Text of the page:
Tuesday, 3 November 2009
The World Cup elephant in the Committee Room
I lived near World Cup hosts Middlesbrough in 1966. North Korea became our home team for a couple of weeks, and they provided plenty of entertainment. But the face of Middlesbrough, much less its global reputation, remained untouched.
How many times will the 2018 world cup will be mentioned tomorrow, when the planning committee meets to consider the application to develop Ashton Vale?
The phrase turns up twenty times in the 'officers report' (pdf), intended to guide councillors toward a recommended decision. That's in spite of their Chief Executive's assurance, in a letter to the Green party and quoted below, that it's not a 'material planning consideration'
The Greens themselves have been pointing out that to get the World Cup, the stadium designers will need to plan to FIFA's 'Green Goal' standards. Solar panels, less 'throwaway' catering, combined bus/entrance match tickets, that sort of thing.
Meanwhile our own 11th hour comments go in (apparently email@example.com take them till noon today):
We believe there is very good reason, taking into account all material planning considerations, to reject all elements of this application, or at the very least to defer a decision to see if the applicants can revise their proposals into something that offers a net 'public good'. As it stands, it's a public bad.
a) The application relies on the principle of 'enabling development' - a material planning consideration. But nowhere is there any attempt to define or quantify the 'public benefits' to set against the acknowledged disbenefits of much of the proposal. Therefore, an informed judgement is impossible.
b) The applicants are inconsistent in their reliance on current planing policy. When it suits, they claim that only the policies laid down in the Local Plan should be enforced; at other times, they claim that the RSS (still in draft and subject to legal challenge) should guide decisions.
c) The applicants' financial case for 'enabling development' has not been proved - in fact the council's own advisors (among others) have taken it to pieces.
d) The proposed waiving of some £millions of Sec 106 payments amounts to a further indirect public subsidy, of dubious legality, to the football club.
e) The prospect of bringing some World Cup matches to Bristol in 2018 has been repeatedly touted as a 'benefit' arising from the new stadium. For instance, the phrase 'World Cup' crops up twenty times in your Officers Report alone. That is not a material planning consideration, and should be discounted. In fact your Chief Executive has written "the Council, its officers and members are fully able to distinguish between the aspirational nature of the (World Cup) bid process and the need for the Local Planning Authority to determine the applications for the new Stadium and the former Ashton Gate site upon material planning considerations alone".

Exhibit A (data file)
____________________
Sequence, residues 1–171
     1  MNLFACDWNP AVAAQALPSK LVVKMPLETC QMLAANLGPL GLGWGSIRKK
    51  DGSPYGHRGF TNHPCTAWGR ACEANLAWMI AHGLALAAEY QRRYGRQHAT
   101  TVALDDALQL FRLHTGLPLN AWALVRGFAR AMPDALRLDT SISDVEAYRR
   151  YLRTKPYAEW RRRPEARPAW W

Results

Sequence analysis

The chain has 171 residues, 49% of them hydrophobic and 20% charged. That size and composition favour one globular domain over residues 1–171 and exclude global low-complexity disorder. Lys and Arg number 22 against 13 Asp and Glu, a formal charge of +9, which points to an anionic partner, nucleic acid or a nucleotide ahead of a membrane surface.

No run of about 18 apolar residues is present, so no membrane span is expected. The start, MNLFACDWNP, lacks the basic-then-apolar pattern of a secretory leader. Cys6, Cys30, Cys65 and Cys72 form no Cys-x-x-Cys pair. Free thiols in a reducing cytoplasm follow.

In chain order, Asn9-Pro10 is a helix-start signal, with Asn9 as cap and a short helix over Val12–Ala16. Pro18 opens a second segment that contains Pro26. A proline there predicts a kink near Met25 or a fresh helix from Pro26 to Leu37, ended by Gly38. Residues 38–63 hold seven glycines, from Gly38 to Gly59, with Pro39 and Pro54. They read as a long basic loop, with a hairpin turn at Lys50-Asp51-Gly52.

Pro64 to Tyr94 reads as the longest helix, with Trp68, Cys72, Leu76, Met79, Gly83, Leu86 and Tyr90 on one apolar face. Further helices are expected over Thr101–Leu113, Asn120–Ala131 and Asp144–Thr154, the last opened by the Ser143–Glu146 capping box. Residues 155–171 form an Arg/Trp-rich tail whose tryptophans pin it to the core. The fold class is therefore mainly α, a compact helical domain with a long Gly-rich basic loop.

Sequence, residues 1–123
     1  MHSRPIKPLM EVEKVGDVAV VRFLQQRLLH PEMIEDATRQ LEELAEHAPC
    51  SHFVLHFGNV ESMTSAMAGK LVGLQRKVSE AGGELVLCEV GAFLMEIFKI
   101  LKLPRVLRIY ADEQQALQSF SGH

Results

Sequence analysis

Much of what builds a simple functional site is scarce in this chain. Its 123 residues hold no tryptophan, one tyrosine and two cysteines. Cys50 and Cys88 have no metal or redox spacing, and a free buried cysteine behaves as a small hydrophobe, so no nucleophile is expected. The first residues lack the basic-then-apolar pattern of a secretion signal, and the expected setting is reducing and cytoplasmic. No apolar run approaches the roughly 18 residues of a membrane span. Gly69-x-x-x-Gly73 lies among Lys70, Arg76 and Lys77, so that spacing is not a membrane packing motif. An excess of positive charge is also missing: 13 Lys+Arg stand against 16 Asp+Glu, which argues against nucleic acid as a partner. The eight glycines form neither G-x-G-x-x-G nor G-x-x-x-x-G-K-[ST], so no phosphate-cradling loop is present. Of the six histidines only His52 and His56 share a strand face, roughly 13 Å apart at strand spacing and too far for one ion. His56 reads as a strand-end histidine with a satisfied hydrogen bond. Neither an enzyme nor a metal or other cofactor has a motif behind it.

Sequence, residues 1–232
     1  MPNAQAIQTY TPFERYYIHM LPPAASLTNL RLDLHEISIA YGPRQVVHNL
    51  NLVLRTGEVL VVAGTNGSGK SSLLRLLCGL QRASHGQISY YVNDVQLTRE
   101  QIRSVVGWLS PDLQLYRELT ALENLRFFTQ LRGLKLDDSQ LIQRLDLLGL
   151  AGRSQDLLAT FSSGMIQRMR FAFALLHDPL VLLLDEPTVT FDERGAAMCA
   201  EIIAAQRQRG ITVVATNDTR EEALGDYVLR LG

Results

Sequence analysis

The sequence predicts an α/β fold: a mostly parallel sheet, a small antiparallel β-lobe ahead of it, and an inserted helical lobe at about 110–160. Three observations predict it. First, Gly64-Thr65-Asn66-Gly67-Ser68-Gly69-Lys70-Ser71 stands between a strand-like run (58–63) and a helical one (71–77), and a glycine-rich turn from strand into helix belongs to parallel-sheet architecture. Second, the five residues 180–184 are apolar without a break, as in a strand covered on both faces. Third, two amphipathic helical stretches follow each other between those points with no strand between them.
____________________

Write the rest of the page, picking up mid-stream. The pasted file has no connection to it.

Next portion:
In any case, as Tony Dyer pointed out to the last Cabinet meeting, the proposed stadium should be built and operated to FIFA 'Green Goal' standards to give Bristol a good chance to host the games and live up to its 'Green Capital' aspirations; the proposed stadium just doesn't come near those standards.
f) the failure of the applicants to include affordable housing in their proposals - in defiance of planning policy and of real need. The result is an elitist proposal for housing, while exporting the task of actually meeting real housing need to other areas that are already under pressure. This is a major disbenefit.
g) loss of Green Belt land. Utterly unjustified and undesirable, and without any basis in planning policy.
h) Alternative options. One of the best (and most efficient use of scarce land) is a dual use stadium shared by Bristol City FC and another club (either Rovers or the rugby club). The failure of the clubs concerned to take up this option is their own responsibility - not a burden to be borne by the city.
i) Peak Oil. The city, as part of the Bristol Partnership, has just commissioned and welcomed the report 'Building a positive future for Bristol after Peak Oil'. This will mean absolutely nothing if the city fails to take its values and recommendations into planning and 'future-proofing' new developments such as this.